An interesting bit of information is that the number you see in the talker window is the time code, counted in seconds, starting on Jan 1 1970. (this isn't in the class, I just thought that now would be a good time to tell a funny story) So that number is counting up in seconds (and fractions of a second). And most computers have their dates set on the motherboard... in 32 bits...

What's the biggest 32 bit number ?

And how many seconds from now is that ?

Nevermind, I'll tell you. The end date is Jan 19 2038 (No. This is nothing like the Y2K bug, which didn't break anything except the emergency phones on the NYS Thruway, which nobody used anyway unless you planned very carefully where your car broke down)

And why is any of this relevant ? Because either this guy was a beta tester, or his clock was wrong, or he started this video on an earlier version of ROS (which could be why certain things have been updated), because according to HIS clock, the video that he made for this class was made 4.72 years ago, and Kinetic only came out 3.5 years ago. Again, No big deal. I was just curious

Now, at this point, you can suspend the talker.py with ctrl-c, and then we're going to run the listener.py and restart the talker.py so you can see the 2 interact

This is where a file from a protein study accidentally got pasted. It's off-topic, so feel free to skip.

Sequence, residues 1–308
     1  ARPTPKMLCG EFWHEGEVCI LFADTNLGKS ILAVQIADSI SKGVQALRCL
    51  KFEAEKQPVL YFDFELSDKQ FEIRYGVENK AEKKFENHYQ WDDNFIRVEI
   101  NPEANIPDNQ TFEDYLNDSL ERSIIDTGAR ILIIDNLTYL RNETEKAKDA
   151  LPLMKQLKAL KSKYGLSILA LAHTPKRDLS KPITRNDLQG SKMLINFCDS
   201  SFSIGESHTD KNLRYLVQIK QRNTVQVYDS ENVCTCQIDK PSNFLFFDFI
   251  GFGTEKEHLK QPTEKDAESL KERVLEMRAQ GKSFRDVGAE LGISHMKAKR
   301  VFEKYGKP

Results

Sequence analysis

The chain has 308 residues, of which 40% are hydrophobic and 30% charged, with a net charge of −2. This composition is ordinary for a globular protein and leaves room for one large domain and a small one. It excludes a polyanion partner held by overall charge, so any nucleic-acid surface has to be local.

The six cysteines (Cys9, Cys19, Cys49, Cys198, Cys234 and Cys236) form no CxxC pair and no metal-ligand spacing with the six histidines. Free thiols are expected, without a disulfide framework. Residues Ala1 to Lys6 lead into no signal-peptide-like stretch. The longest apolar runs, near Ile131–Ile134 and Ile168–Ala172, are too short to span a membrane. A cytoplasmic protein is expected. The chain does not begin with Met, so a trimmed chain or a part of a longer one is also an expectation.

The important thing to note here is that if you edit the python programs, you no longer have to recompile the catkin workspace. The downside is that you also no longer get feedback from the compiler if there is an error. Both interact in the same way. Both respond to each other. And that appears to be the crux of this lesson

 


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Spyder
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2019-11-25 5:09 pm  

@robo-pi

I started running ROS on a new installation of Nvidia's Ubuntu (just regular desktop, without the Jetbot), and, with a few minor changes (which could be either from the difference in source learning material, or change in the distro, due to ROS for the Nano requiring a newer version of ROS, Melodic on Nano, and Kinetic on Pi3B)

I've also ordered another Pi4 (so I won't have to take apart the steampunk laptop) which, according to what I've read, should also work with Kinetic (although, using Buster on the Pi4). I'll be testing that once it arrives

It seems to be working pretty much the same. I just tested out the turtlesim on the Nano, and all the commands are the same (still no RDP tho). This is obviously a good thing as now I won't have to learn 2 sets of commands

The goal is still the same... installing the drivers for the motor controllers onto ROS and adding controls from the other buttons on the gamepad for other functions on the bot

I'm still along way from a practical use-case, but this is a positive thing


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Robo Pi
(@robo-pi)
Robotics Engineer Moderator
Joined: 10 months ago
Posts: 1602
2019-11-25 6:09 pm  
Posted by: @spyder

I'm still along way from a practical use-case, but this is a positive thing

Before too long you'll be an expert. ? 

I ordered a second Jetson Nano and it just came today.     I haven't fired it up yet.      I'm going to build it into the plastic case with fan first.   So now with two of them I guess I better  start working on becoming a Nano expert.  

DroneBot Workshop Robotics Engineer
James